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Choosing a mental health solution to suit your workforce


 

Dr Aleksandar Matic

R&D Director



 

Dr Aleksandar Matic

R&D Director


With mental-health-related expenses for turnover, absenteeism and presenteeism at an all-time high (£56 billion yearly), employers are re-examining their approach to providing mental wellbeing support. As contractual obligations for wellbeing products and services purchased during the pandemic expire, many organisations are in search of solutions better suited to the unique needs of their employee population.

After spending their wellbeing budgets on solutions with poor uptake and limited impact, HR leaders are particularly concerned about accessibility and evidence-base. Digital interventions have been shown to effectively diminish the symptoms of mental conditions (such as depression) in research published in the Lancet and PLOS Digital Health and have the potential to help resolve issues of access. However, very few have strong science to back them up.

So how can HR Leaders who want to replace their existing solutions ensure the next mental health solution they select has the strong evidence base they need? Here are three questions to ask.


 

Dr Aleksandar Matic

R&D Director


 

3 questions to ask about digital solutions

1. Can you trust the team behind this solution?

When evaluating a current mental health solution or vetting a new provider, check into who is creating and curating content and services. Look for a strong team of in-house experts, a scientific advisory board and collaborations with leading educational, healthcare and industry institutions.

2. Are the scientific frameworks used trustworthy?

To address as many elements of mental wellbeing as possible and serve the broadest cohort of employees, solutions must be based on multiple well-established frameworks. Ideally they’ll include a wide range of activities and modalities, drawing from clinically validated therapies such as Cognitive Behavioural Therapy, Acceptance Commitment Therapy, and Positive Psychology.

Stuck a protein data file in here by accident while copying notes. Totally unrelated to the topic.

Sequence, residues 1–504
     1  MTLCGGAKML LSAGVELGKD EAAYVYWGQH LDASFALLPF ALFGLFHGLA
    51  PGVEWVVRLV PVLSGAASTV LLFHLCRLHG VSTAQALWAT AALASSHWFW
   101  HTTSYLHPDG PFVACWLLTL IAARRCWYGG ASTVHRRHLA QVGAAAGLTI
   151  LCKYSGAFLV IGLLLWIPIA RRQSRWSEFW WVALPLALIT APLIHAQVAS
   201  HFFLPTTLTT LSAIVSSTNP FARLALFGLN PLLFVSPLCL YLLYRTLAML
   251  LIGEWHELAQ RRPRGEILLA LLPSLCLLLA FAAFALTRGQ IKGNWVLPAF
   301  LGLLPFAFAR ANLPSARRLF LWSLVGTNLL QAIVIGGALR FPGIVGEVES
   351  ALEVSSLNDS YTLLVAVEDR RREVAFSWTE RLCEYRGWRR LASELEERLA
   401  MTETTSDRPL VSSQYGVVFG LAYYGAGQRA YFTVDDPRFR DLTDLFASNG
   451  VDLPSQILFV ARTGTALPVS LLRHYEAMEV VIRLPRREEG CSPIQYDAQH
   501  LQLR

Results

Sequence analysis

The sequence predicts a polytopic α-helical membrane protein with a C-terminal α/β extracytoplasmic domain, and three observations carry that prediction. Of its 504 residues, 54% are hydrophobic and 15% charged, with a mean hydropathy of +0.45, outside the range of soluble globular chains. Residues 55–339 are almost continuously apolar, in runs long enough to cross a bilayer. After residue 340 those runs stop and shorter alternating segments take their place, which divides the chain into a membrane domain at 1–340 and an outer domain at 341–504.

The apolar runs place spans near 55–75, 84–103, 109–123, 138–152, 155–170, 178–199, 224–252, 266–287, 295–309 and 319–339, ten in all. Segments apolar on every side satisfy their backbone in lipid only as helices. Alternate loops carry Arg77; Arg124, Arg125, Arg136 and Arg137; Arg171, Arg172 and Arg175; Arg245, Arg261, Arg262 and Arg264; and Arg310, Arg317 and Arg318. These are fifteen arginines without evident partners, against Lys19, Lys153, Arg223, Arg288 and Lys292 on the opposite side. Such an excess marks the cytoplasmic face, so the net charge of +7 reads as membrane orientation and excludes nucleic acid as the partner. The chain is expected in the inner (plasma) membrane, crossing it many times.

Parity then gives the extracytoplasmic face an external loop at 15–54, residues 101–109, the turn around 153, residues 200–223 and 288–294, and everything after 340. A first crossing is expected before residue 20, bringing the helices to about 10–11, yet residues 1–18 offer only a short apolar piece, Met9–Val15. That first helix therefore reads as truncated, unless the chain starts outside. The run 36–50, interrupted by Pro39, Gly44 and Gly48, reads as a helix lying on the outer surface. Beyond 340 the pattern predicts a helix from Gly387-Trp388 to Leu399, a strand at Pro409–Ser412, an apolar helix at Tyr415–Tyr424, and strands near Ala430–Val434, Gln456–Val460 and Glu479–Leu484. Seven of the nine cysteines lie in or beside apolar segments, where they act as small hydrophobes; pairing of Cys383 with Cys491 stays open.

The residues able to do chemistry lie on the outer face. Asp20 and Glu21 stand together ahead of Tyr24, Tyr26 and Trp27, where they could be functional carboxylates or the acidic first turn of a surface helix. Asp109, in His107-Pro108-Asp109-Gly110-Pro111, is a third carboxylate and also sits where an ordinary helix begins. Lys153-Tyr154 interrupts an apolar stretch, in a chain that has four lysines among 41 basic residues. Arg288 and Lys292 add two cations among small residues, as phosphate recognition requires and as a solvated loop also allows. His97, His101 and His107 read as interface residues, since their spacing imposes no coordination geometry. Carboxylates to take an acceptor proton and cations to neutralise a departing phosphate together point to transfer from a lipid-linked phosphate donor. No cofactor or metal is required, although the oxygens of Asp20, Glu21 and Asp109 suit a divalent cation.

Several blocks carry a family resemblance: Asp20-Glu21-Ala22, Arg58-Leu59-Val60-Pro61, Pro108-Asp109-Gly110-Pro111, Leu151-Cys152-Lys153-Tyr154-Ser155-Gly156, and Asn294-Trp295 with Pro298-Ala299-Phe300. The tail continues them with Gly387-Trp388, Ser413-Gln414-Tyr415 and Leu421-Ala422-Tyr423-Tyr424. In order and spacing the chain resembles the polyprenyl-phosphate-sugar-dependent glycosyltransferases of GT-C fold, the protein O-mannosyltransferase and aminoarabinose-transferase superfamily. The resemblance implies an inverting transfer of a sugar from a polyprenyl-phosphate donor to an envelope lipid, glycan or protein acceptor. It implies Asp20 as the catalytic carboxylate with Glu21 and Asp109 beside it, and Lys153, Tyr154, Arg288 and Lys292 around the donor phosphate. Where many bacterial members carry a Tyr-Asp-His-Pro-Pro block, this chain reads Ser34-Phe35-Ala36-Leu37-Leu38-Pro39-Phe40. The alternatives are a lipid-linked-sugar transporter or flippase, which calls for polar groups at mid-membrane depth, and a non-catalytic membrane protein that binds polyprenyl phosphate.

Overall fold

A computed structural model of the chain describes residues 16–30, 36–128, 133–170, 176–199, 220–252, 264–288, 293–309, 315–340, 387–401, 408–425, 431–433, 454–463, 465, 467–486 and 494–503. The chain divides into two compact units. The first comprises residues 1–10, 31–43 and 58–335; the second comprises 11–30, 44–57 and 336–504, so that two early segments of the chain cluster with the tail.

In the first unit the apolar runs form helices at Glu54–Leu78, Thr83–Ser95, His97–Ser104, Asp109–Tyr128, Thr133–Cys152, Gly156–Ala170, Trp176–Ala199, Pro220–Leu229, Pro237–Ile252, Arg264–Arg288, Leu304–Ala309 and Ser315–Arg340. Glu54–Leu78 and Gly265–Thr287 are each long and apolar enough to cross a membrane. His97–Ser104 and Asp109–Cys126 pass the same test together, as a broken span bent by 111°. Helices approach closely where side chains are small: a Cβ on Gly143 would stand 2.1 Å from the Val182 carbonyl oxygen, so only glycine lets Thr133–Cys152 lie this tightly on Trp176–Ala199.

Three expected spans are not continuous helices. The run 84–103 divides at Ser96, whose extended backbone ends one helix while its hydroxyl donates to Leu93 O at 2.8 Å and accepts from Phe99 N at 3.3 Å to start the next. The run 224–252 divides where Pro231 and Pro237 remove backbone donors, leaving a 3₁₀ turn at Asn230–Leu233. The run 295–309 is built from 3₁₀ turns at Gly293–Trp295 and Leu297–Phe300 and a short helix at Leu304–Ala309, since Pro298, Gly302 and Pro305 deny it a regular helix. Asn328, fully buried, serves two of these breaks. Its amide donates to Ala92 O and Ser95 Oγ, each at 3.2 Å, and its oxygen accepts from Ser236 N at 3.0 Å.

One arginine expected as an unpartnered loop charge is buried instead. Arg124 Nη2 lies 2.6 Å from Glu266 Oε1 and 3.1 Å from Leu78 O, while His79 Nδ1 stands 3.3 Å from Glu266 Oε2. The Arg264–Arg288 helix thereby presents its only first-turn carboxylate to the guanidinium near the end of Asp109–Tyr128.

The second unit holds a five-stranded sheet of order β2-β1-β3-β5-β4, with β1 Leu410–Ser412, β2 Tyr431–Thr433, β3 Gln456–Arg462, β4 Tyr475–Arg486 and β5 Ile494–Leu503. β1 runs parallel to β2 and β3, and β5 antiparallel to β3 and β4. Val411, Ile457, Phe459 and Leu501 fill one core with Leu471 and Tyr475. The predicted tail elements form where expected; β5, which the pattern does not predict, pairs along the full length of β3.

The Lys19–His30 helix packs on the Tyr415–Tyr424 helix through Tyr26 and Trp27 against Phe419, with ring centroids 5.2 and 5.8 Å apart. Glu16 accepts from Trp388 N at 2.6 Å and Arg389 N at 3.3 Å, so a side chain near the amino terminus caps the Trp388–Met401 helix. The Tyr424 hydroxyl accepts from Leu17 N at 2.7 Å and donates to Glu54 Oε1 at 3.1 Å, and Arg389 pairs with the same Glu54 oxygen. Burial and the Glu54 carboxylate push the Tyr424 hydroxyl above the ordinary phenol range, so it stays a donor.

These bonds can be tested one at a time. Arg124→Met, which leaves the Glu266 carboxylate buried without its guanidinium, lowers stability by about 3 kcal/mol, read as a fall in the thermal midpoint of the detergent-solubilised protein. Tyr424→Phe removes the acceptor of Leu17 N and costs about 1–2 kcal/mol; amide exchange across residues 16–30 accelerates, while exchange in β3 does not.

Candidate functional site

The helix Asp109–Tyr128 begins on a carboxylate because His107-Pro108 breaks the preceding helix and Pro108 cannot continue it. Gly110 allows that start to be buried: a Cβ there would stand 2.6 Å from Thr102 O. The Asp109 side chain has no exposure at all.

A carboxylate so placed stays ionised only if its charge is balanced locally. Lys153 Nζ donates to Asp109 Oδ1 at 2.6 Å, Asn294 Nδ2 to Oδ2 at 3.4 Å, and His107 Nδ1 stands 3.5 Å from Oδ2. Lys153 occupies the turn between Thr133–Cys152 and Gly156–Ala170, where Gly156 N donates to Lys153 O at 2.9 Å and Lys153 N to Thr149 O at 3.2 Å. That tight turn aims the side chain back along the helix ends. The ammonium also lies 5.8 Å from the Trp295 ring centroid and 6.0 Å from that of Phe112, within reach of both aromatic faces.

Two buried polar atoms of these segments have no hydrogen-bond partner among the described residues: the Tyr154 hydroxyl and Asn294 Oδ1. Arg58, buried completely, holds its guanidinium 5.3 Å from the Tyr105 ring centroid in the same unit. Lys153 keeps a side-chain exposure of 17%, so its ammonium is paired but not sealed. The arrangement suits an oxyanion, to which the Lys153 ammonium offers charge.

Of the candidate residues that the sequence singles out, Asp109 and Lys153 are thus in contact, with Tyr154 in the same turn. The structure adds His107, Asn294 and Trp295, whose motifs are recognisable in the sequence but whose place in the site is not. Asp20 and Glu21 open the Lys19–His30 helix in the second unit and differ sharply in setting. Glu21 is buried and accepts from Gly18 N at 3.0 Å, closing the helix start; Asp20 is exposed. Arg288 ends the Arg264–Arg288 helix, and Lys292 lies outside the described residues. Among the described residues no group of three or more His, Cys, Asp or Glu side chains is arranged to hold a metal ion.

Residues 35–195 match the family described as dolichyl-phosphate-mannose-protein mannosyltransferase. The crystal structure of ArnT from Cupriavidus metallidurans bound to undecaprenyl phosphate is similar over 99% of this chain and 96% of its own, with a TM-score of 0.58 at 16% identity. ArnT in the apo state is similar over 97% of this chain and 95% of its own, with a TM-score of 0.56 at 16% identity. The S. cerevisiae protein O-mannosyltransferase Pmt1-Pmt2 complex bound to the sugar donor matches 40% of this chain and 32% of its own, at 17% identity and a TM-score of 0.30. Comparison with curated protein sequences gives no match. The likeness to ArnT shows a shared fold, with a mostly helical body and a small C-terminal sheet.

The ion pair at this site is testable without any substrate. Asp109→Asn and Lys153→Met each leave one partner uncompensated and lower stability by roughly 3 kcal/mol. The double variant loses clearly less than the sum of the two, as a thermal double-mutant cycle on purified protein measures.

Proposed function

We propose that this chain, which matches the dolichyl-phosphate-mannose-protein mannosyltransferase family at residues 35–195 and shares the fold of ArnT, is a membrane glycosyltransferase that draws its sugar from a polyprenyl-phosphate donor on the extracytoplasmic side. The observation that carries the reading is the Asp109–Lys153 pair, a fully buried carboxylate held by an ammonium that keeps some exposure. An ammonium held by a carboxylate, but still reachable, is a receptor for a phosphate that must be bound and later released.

3. Has it been clinically tested and independently reviewed?

Clinical trials and expert reviews protect your investment and help ensure proof of concept. For example, RCTs or randomised controlled trials published in peer-reviewed scientific publications indicate a solution’s effectiveness, showing the results of a specific intervention as compared to a control group. Evaluations by expert independent reviewers such as ORCHA (the reviewer used by NHSX) also serve as industry standard measures of quality evidence-base.

Finding the right mental health solution for your workforce isn’t easy—but it doesn’t have to be so hard, either. For more insight into how to evaluate evidence base and how to select evidence-based mental health and wellbeing support for your workforce download your free copy of our pocket guide to evaluating evidence base.

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